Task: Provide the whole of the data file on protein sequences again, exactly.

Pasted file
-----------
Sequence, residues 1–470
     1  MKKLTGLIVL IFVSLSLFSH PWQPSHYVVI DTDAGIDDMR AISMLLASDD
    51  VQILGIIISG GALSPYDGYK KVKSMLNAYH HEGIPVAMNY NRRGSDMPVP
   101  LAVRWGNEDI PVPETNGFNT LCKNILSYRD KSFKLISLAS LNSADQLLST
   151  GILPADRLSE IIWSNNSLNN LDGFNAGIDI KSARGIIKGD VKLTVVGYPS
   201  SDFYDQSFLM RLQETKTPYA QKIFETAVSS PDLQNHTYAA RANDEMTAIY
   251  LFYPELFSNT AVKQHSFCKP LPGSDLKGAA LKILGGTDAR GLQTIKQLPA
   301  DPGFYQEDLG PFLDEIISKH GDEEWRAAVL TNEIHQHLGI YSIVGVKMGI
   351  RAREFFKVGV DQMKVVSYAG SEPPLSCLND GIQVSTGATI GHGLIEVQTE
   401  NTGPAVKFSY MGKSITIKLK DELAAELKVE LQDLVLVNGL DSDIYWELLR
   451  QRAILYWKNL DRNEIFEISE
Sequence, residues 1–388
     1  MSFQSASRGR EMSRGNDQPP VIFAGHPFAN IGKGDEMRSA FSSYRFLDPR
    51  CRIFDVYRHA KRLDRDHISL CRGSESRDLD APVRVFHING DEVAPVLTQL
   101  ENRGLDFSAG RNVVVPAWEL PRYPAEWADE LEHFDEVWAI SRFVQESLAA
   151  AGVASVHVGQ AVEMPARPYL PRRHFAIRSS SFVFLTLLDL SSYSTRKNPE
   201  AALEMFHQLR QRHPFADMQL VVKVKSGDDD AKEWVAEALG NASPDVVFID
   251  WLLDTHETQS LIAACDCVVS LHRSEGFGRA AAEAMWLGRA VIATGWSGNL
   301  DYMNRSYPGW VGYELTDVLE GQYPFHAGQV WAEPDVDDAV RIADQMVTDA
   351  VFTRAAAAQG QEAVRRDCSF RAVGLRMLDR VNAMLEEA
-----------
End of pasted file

Sequence, residues 1–470
     1  MKKLTGLIVL IFVSLSLFSH PWQPSHYVVI DTDAGIDDMR AISMLLASDD
    51  VQILGIIISG GALSPYDGYK KVKSMLNAYH HEGIPVAMNY NRRGSDMPVP
   101  LAVRWGNEDI PVPETNGFNT LCKNILSYRD KSFKLISLAS LNSADQLLST
   151  GILPADRLSE IIWSNNSLNN LDGFNAGIDI KSARGIIKGD VKLTVVGYPS
   201  SDFYDQSFLM RLQETKTPYA QKIFETAVSS PDLQNHTYAA RANDEMTAIY
   251  LFYPELFSNT AVKQHSFCKP LPGSDLKGAA LKILGGTDAR GLQTIKQLPA
   301  DPGFYQEDLG PFLDEIISKH GDEEWRAAVL TNEIHQHLGI YSIVGVKMGI
   351  RAREFFKVGV DQMKVVSYAG SEPPLSCLND GIQVSTGATI GHGLIEVQTE
   401  NTGPAVKFSY MGKSITIKLK DELAAELKVE LQDLVLVNGL DSDIYWELLR
   451  QRAILYWKNL DRNEIFEISE
Sequence, residues 1–388
     1  MSFQSASRGR EMSRGNDQPP VIFAGHPFAN IGKGDEMRSA FSSYRFLDPR
    51  CRIFDVYRHA KRLDRDHISL CRGSESRDLD APVRVFHING DEVAPVLTQL
   101  ENRGLDFSAG RNVVVPAWEL PRYPAEWADE LEHFDEVWAI SRFVQESLAA
   151  AGVASVHVGQ AVEMPARPYL PRRHFAIRSS SFVFLTLLDL SSYSTRKNPE
   201  AALEMFHQLR QRHPFADMQL VVKVKSGDDD AKEWVAEALG NASPDVVFID
   251  WLLDTHETQS LIAACDCVVS LHRSEGFGRA AAEAMWLGRA VIATGWSGNL
   301  DYMNRSYPGW VGYELTDVLE GQYPFHAGQV WAEPDVDDAV RIADQMVTDA
   351  VFTRAAAAQG QEAVRRDCSF RAVGLRMLDR VNAMLEEA